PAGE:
- When Annie Mac premiered Paul Woolford's latest Hotflush single on Radio1 in May of this year, she joked that the Leeds-born producer had "gone emo." She also likened "Mother & Child" to Massive Attack's "Unfinished Sympathy," the soulful and string-heavy '91 classic. It was all a bit hyperbolic (the song by no means looks back to trip-hop), but the radio host did zero in on a certain wistfulness in Woolford's music that had previously felt more playful or sharp. But in fact, those dramatic, sustained strings, that breakdown, those twinkling arps—they're straight out of the progressive house playbook.
More power to Woolford if he wants to move his music in this direction in service of bigger and bolder dynamics. The man himself has said this song "is a heartbreaking work of art that deals with the universal themes we all face on a daily basis," and he's just as unsubtle in its execution. But where that might work for some, it's the biggest problem with "Mother & Child": any true sentiment or moment of ecstasy it might bring to a dance floor is bludgeoned by a concentrated, overwrought attempt at seeming emotional. The canned cellos stab bloodlessly, the weepy violins lilt aimlessly, the 4/4 bounces methodically, and the synths, like a sheepish "Heaven Scent," echo sedately. Later in that same interview, Woolford said, "People relate to music that connects on an emotional level before anything else," which is precisely what "Mother & Child" hopes to accomplish. And yet for all the emoting crammed into the track, there's nothing there we can actually feel.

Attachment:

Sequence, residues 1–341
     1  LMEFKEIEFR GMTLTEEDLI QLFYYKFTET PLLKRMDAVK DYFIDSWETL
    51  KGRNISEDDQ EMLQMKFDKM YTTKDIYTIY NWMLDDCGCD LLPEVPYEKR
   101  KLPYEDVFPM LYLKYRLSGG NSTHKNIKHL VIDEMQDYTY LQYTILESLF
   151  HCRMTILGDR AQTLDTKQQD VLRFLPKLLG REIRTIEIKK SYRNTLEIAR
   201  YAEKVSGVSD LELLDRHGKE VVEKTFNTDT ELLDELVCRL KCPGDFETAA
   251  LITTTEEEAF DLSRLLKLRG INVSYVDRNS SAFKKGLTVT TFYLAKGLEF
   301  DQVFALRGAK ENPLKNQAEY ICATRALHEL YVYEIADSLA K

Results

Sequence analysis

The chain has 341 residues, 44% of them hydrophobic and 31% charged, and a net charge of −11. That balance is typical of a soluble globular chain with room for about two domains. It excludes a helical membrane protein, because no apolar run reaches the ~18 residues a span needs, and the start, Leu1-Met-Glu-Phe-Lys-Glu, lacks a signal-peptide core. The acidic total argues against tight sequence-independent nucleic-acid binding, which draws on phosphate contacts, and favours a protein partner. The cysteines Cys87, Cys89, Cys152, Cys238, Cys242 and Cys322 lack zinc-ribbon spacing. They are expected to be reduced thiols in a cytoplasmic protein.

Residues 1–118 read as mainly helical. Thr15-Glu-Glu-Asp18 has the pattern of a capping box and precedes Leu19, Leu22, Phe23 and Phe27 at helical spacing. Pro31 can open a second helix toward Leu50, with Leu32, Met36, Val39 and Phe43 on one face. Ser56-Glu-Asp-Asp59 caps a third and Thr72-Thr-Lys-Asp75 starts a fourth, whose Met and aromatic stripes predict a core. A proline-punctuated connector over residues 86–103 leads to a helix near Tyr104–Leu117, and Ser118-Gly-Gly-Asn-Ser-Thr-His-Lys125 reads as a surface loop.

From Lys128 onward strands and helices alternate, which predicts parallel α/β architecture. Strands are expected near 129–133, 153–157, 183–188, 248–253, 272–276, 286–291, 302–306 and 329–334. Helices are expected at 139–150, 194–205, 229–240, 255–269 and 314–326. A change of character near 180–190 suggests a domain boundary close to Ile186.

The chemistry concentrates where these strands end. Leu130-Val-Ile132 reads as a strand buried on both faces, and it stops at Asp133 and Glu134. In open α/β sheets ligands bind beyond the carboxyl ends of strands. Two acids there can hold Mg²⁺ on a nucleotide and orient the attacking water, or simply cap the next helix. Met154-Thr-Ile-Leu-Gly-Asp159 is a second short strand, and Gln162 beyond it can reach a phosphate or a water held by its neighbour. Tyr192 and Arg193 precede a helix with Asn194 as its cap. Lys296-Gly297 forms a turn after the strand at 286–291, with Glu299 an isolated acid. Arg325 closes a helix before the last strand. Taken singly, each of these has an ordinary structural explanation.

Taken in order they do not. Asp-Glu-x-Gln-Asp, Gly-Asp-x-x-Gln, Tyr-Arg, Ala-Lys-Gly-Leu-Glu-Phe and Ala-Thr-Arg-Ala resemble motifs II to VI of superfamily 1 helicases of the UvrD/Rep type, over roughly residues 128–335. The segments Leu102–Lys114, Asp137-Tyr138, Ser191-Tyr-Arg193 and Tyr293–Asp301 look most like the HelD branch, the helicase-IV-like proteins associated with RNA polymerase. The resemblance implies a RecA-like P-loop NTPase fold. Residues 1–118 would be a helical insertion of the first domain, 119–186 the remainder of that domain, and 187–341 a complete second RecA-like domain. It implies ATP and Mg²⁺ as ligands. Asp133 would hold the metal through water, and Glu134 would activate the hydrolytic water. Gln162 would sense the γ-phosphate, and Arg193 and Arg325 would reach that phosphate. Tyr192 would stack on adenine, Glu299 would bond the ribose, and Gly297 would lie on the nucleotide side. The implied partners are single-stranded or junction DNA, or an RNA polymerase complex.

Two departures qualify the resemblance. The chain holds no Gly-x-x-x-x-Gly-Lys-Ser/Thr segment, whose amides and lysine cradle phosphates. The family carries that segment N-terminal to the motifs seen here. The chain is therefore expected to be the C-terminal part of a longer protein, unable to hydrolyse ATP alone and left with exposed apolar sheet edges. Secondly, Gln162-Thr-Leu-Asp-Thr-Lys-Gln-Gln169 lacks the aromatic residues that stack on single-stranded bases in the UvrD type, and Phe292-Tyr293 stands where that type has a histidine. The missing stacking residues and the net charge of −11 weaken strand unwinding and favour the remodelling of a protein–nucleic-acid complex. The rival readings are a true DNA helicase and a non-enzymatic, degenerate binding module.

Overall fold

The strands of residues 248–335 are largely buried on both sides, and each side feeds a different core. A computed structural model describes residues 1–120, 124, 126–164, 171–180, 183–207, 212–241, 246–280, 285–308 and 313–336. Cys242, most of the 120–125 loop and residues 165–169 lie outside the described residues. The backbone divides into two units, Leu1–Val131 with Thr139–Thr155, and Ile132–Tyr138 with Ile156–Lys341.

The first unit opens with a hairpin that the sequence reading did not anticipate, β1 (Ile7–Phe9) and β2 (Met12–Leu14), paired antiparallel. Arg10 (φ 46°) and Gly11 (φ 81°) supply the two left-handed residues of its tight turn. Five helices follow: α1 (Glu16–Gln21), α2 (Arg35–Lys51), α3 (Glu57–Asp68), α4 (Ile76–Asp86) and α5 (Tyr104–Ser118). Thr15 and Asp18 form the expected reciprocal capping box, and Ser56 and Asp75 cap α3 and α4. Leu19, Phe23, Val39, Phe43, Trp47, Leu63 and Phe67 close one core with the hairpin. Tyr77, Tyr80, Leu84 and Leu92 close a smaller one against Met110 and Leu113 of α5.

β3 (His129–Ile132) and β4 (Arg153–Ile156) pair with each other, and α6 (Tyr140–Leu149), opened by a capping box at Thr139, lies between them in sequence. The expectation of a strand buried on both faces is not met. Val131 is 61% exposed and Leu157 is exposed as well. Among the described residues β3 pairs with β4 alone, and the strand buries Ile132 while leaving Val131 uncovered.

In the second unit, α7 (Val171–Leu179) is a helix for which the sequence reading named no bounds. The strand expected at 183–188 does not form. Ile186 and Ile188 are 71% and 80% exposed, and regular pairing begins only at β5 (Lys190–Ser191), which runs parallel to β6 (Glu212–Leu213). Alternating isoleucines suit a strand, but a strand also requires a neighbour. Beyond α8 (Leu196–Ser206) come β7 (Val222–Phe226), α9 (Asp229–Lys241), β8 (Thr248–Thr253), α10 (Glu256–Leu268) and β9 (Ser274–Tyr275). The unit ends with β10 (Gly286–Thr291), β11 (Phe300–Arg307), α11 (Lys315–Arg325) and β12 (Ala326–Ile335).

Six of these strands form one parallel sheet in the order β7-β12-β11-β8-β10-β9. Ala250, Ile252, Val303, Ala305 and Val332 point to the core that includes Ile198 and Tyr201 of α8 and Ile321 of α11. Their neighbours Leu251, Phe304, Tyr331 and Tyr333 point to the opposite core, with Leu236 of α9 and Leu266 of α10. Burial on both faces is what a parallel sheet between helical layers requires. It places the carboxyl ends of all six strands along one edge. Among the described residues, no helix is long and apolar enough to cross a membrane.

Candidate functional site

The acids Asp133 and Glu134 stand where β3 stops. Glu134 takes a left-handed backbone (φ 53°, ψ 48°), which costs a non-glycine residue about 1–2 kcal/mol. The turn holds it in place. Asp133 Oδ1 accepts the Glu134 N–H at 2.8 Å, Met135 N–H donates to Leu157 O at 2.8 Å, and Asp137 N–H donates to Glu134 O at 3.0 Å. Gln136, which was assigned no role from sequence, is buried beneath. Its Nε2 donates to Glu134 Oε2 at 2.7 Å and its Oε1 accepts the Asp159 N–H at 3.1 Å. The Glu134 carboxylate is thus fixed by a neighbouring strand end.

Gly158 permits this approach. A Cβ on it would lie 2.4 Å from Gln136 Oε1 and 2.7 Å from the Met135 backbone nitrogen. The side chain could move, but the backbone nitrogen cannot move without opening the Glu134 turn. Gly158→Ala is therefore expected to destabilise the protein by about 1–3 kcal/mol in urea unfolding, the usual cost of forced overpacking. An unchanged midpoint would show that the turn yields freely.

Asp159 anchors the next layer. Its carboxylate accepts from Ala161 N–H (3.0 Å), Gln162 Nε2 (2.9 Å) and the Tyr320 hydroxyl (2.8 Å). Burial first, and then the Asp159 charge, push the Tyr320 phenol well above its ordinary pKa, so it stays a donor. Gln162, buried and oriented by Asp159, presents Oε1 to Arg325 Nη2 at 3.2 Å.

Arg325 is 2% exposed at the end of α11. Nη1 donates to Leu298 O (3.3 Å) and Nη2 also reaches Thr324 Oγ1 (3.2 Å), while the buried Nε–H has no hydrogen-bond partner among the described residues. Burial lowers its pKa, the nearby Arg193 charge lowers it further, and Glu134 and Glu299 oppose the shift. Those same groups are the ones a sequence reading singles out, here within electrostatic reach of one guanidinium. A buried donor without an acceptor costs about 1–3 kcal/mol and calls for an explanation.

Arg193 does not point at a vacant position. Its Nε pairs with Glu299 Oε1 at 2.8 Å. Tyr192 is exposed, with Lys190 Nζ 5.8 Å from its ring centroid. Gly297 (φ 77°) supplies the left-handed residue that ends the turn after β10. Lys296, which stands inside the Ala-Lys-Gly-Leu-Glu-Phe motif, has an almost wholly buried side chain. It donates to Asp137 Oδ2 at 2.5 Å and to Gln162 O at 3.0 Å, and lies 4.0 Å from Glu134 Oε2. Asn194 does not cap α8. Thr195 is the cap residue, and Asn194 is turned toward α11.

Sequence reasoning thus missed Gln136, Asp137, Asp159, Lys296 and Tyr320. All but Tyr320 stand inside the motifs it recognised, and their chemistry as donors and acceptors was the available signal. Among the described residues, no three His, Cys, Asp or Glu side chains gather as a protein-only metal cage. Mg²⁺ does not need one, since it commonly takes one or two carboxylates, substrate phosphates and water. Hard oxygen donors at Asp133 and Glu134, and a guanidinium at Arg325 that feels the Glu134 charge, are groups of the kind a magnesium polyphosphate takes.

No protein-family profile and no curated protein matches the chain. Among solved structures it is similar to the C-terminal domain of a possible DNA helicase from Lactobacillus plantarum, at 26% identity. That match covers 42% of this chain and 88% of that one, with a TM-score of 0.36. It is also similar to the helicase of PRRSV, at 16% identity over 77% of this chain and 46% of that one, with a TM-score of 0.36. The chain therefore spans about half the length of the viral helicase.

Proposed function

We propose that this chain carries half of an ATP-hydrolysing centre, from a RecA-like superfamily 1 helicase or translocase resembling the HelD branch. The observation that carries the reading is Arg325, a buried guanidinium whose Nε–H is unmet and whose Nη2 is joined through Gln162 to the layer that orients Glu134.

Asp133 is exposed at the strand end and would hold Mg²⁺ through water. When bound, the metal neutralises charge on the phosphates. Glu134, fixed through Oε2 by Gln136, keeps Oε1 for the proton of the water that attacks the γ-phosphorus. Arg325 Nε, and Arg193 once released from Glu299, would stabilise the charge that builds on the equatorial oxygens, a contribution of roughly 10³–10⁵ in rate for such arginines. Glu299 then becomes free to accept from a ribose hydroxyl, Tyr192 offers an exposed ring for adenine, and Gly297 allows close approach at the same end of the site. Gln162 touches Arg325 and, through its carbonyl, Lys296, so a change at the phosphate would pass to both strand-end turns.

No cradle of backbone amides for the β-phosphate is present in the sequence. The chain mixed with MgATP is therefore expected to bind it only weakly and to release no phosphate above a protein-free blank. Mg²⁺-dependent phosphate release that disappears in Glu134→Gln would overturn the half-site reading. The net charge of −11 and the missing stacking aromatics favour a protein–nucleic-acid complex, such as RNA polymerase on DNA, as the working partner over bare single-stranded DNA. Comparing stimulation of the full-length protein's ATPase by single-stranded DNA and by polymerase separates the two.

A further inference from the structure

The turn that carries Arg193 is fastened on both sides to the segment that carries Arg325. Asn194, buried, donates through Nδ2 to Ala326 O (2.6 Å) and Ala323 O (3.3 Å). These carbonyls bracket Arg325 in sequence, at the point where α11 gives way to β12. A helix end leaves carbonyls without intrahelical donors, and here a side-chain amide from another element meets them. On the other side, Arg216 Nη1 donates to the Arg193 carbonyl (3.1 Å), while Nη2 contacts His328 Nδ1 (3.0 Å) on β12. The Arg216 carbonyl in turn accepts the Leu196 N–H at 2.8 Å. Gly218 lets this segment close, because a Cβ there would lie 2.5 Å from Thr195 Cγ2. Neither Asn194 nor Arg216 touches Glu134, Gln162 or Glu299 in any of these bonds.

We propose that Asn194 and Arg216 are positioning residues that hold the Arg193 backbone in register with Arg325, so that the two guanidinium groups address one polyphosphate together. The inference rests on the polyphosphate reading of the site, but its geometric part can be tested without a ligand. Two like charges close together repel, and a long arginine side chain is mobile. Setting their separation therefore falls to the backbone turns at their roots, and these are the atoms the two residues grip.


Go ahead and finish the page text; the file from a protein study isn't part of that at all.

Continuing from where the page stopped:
A Mother & Child
B Mother & Child Divided